In 2014, Mayor Bill de Blasio released his $41 billion plan titled “Housing New York, A Five-Borough, Ten-Year Plan.” De Blasio proclaimed in an announcement in January that the plan is effectively working towards its goal to either protect or build 200,000 affordable units by 2024. While the administration is moving forward admirably, de Blasio’s mandates can only go so far. If it wants to keep affordable housing around for the long term, it sorely needs a new program that incentivizes developers to keep building affordable units.
The Ten-Year Plan establishes inclusionary ordinances, which reserve mandatory percentages of newly constructed units for various income levels. The plan also includes various tax incentives, generous bond financing, means for preserving units, means to streamline the development process and case studies of under-utilized sites. However, the plan does not include density bonuses, a vital piece of the puzzle which gives private developers the option to add more units in exchange for creating more affordable housing.
While home and rental prices in New York have not reached the San Franciscan levels, the housing crisis facing the nation is one of supply and demand. As more people seek homes in cities, wages remain stagnant while prices rise. At least a third of New Yorkers spend at least 50 percent of their income or more on housing costs. The detrimental effects of high housing costs are numerous and tangibly impact quality of life. The conundrum is that as the economy grows, poor and low income residents suffer disproportionately. New York City should expand its density bonus program as the supply of developable land dwindles. Easing zoning to increase the number of buildable units is imperative.
The revamped housing plan is moving at blistering speeds, already adding 40,204 affordable apartments in an industry defined by lengthy timeframes. In 2015, 7,169 new affordable units were constructed by the City while 13,862 units were preserved as affordable. Though these units vastly improve the lives of the lucky few who receive them, they fail to significantly alter the unfair market.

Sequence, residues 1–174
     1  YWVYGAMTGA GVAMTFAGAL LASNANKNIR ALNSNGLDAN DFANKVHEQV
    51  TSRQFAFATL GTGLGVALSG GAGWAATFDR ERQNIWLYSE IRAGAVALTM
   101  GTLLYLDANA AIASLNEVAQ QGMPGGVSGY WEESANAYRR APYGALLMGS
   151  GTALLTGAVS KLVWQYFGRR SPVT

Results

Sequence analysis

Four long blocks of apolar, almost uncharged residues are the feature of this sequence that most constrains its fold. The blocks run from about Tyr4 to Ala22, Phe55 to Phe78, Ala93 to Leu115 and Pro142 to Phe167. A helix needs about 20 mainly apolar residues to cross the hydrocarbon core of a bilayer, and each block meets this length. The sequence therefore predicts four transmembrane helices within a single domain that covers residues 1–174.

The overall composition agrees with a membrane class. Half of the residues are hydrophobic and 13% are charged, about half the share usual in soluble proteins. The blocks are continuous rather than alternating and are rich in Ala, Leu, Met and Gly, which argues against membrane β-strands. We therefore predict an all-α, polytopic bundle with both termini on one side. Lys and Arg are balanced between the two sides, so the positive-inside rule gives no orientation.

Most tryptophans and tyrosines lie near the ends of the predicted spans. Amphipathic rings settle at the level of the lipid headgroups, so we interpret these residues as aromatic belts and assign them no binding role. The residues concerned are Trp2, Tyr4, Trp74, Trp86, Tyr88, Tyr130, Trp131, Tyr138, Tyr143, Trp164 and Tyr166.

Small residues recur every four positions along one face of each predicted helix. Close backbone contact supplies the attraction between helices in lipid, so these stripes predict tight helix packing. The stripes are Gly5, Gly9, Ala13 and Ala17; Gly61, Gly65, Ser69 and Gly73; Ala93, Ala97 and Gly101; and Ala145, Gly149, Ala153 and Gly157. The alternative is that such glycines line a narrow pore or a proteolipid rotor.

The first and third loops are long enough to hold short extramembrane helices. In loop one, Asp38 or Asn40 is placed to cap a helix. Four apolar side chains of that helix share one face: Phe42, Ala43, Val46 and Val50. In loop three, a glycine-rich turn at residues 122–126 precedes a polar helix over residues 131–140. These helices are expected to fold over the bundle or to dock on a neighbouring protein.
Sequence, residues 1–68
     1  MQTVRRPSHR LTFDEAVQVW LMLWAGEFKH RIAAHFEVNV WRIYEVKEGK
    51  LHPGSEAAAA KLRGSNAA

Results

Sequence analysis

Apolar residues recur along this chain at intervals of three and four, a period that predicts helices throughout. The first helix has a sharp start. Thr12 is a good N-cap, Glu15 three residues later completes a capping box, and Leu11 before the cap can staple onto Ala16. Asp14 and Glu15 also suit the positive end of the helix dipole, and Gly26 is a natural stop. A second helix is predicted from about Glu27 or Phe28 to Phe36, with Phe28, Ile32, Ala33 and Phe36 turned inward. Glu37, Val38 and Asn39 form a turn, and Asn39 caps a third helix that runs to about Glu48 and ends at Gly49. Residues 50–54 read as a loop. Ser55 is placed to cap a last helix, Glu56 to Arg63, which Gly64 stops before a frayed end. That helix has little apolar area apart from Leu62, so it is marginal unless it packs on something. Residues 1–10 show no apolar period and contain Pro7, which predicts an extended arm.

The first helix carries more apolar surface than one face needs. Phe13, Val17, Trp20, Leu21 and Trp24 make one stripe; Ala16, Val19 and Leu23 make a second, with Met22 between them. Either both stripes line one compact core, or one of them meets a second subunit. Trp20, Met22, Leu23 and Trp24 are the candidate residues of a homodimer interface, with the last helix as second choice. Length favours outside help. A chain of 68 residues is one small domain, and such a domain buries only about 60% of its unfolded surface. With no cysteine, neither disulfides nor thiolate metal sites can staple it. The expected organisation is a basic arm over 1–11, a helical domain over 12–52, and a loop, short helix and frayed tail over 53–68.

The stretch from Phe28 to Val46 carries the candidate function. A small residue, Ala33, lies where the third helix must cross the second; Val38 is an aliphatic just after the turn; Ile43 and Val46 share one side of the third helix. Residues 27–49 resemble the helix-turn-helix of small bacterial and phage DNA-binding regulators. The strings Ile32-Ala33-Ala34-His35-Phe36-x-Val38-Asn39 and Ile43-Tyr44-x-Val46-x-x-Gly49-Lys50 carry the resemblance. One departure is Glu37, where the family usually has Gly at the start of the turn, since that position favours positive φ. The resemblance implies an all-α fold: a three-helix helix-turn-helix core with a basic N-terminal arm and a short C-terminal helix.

In San Francisco, there is a density bonus bill in the works that allows projects that reserve 30 percent or more of the development’s units for low or middle income to add two stories to the project. New York City’s current bonuses are limited to a 1987 program in only a few of the highest-density districts that allows “each square foot of floor area dedicated to affordable housing, the development can receive between 1.25 and 3.5 square feet of bonus floor area.” The only other incentive is found in a 2005 program expanded to a few less dense districts, granting a 33 percent floor area increase when at least 20 percent of residential floor area is for affordable housing.
Government plays a decreasing role in affordable housing construction and contributes relatively less towards financing housing development. The New York Times reported that Governor Cuomo’s 2016 Housing Plan and the feud between the Mayor and the Governor could undercut bond financing and other subsidies for New York City developments.
The density bonus would greatly improve the pipeline by engaging the private sector in a method that’s impervious to the politics of public spending. Rent control and other artificial tinkering of a free market, while important tools, will not alone solve the problem. New York City has the transportation infrastructure and city services to accommodate a slight increase in density, something not to be afraid of.
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Email Aaron Reuben at [email protected]
CORRECTION: A previous version of the article erroneously referred to the “New York City Housing Authority” when referencing de Blasio’s affordable housing plan.